The legislation is cosponsored by a bipartisan group of 29 senators and endorsed by more than 100 organizations, including the American Association of Port Authorities
WASHINGTON - U.S. Senators Amy Klobuchar (D-MN) and John Thune (R-SD) announced that the Ocean Shipping Reform Act, their bipartisan legislation to help fix supply chains and ease shipping backlogs, passed the Senate unanimously.
“Congestion at ports and increased shipping costs pose unique challenges for U.S. exporters, who have seen the price of shipping containers increase four-fold in just two years, raising costs for consumers and hurting our businesses. Meanwhile, ocean carriers that are mostly foreign-owned have reported record profits. This legislation will help American exporters get their goods to market in a timely manner for a fair price,” said Klobuchar. “By passing this bill, we are one step closer to leveling the playing field for American manufacturers and consumers.”
“South Dakota producers expect that ocean carriers operate under fair and transparent rules,” said Thune. “I’m glad the Senate unanimously passed this important legislation that would level the playing field for American farmers, exporters, and consumers by making it harder for ocean carriers to unreasonably refuse goods that are ready to export at U.S. ports. Especially with record inflation in prices of goods, this legislation would also benefit consumers by promoting the fluidity and efficiency of the supply chain.”
The Ocean Shipping Reform Act will level the playing field for American exporters by making it harder for ocean carriers to unreasonably refuse goods ready to export at ports.
Klobuchar took the Senate floor last week to call on her colleagues to pass this legislation, highlighting the significant supply chain disruptions and vulnerabilities U.S. exporters face, caused by international ocean carriers who unreasonably decline shipping opportunities while reaping record profits. Thune also spoke on the Senate floor, where he called for the bill’s swift passage and noted the long-term positive changes that would benefit exporters, importers, and consumers. The Ocean Shipping Reform Act passed the Senate Commerce Committee unanimously last week.
The legislation earned the endorsement of the American Association of Port Authorities, which represents more than 130 port authorities across North and South America, including the Port of Duluth-Superior. The bill is also endorsed by more than 100 organizations including the Association of Port Authorities, the Agriculture Transportation Coalition (AgTC), the National Retail Federation, the American Trucking Association, the California Association of Port Authorities, the Minnesota Soybean Growers Association, and the Minnesota Corn Growers Association.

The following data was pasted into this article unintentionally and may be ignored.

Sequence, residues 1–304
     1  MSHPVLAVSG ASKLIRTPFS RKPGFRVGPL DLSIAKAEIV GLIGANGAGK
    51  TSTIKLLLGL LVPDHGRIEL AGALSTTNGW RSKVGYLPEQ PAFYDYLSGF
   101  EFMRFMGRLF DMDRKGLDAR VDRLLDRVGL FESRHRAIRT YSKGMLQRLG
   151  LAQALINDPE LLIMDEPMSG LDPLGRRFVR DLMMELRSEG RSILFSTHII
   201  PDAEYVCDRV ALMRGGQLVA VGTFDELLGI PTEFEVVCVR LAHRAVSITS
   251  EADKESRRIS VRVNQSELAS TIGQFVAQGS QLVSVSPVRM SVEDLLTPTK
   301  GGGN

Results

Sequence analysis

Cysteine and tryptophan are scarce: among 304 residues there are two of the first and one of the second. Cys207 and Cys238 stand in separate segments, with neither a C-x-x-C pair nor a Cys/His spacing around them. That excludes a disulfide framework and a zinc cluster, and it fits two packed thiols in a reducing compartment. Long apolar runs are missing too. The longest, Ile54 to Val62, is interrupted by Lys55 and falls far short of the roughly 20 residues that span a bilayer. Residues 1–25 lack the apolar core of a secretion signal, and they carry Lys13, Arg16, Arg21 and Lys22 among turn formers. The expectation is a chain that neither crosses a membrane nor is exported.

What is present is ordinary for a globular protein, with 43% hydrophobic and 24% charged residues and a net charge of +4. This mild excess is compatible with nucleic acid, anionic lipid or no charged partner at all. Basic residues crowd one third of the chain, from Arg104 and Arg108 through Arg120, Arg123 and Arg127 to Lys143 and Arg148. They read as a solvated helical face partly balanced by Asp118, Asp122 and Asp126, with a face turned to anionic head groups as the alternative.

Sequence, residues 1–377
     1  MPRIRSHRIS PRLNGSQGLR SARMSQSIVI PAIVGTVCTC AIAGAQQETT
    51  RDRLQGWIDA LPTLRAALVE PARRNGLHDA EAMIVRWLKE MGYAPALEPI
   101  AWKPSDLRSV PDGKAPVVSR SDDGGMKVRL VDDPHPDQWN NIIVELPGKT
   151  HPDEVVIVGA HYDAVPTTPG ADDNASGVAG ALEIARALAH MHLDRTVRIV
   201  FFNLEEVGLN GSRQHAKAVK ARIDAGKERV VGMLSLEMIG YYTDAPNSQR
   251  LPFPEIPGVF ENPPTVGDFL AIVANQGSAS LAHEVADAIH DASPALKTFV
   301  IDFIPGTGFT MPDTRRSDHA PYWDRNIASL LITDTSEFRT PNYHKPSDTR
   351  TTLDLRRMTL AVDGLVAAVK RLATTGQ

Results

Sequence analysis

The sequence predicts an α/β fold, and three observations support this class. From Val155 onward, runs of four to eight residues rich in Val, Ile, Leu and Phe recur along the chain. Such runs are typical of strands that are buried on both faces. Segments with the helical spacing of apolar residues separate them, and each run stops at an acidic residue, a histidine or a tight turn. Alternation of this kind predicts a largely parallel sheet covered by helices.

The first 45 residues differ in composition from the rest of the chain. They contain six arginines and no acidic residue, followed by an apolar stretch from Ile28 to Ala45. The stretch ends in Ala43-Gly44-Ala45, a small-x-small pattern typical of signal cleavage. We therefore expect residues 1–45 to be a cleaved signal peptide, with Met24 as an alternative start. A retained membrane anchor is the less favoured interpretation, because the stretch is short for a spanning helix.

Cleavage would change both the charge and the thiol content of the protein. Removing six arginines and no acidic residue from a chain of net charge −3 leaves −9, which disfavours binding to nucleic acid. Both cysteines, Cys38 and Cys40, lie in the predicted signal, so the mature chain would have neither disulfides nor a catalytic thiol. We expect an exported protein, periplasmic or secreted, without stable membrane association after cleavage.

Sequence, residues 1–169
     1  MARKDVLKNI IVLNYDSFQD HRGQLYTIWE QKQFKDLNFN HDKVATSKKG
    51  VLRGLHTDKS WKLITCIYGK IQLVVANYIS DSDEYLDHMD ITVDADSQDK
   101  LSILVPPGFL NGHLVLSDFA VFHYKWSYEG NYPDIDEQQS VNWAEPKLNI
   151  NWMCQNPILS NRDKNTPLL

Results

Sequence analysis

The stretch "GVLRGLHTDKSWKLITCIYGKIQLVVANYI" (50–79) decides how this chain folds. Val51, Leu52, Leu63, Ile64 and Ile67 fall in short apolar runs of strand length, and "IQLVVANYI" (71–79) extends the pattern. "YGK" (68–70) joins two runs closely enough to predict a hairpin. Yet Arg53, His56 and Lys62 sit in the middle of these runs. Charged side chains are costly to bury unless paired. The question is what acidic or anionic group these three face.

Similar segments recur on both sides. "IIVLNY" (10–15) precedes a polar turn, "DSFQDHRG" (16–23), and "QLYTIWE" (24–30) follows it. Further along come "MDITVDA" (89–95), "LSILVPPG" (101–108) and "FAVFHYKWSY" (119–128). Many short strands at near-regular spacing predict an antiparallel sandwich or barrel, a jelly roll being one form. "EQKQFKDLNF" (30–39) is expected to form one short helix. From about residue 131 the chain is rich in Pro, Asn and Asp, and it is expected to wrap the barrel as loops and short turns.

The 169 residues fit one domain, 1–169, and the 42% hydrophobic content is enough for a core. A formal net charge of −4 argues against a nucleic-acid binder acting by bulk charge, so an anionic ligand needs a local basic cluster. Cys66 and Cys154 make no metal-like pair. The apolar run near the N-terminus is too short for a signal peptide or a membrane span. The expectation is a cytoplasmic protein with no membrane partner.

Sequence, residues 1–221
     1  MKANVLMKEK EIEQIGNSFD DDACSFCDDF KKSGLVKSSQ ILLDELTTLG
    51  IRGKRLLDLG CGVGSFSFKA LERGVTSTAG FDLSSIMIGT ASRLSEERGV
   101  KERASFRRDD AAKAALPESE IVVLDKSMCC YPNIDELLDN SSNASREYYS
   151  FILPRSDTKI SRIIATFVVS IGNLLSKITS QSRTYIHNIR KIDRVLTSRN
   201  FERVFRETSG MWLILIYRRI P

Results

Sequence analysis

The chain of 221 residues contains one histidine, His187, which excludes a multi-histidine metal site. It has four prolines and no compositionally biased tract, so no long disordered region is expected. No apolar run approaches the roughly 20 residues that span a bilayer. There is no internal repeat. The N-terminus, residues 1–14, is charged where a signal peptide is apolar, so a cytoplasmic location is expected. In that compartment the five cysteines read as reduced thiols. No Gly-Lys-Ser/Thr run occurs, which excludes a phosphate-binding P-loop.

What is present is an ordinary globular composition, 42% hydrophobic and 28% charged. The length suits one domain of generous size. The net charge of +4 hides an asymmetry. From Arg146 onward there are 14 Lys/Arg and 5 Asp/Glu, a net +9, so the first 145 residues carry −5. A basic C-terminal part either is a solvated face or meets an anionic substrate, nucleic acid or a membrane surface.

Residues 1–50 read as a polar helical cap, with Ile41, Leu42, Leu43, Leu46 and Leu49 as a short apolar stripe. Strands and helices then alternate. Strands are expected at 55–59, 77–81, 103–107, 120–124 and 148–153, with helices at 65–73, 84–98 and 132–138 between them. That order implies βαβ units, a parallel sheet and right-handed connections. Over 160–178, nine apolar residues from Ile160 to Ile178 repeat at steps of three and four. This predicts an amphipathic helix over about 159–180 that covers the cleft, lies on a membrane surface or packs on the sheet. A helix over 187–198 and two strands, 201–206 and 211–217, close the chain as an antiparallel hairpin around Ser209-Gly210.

In addition to Klobuchar and Thune, the legislation is cosponsored by Senators Maria Cantwell (D-WA), Roger Wicker (R-MS), Tammy Baldwin (D-WI), John Hoeven (R-ND), Debbie Stabenow (D-MI), Roger Marshall (R-KS), Gary Peters (D-MI), Jerry Moran (R-KS), Richard Blumenthal (D-CT), Todd Young (R-IN), Mark Kelly (D-AZ), Mike Crapo (R-ID), Tina Smith (D-MN), Marsha Blackburn (R-TN), Cory Booker (D-NJ), Joni Ernst (R-IA), Catherine Cortez-Masto (D-NV), Mike Braun (R-IN), Raphael Warnock (D-GA), James Risch (R-ID), Michael Bennet (D-CO), Kevin Cramer (R-ND), Ron Wyden (D-OR), Roy Blunt (R-MO), Chris Van Hollen (D-MD), John Boozman (R-AR), Deb Fischer (R-NE), Alex Padilla (D-CA), and John Hickenlooper (D-CO).
Companion legislation was led in the House by Representatives John Garamendi (D-CA) and Dusty Johnson (R-SD) and passed the House with overwhelming bipartisan support by a vote of 364-60.
The Ocean Shipping Reform Act will:
- Require ocean carriers to certify that late fees —known in maritime parlance as “detention and demurrage” charges—comply with federal regulations or face penalties;
- Shift burden of proof regarding the reasonableness of “detention or demurrage” charges from the invoiced party to the ocean carrier;
- Prohibit ocean carriers from unreasonably declining shipping opportunities for U.S. exports, as determined by the FMC in new required rulemaking;
- Require ocean common carriers to report to the FMC each calendar quarter on total import/export tonnage and 20-foot equivalent units (loaded/empty) per vessel that makes port in the United States;
- Authorize the FMC to self-initiate investigations of ocean common carrier’s business practices and apply enforcement measures, as appropriate; and
- Establish new authority for the FMC to register shipping exchanges.
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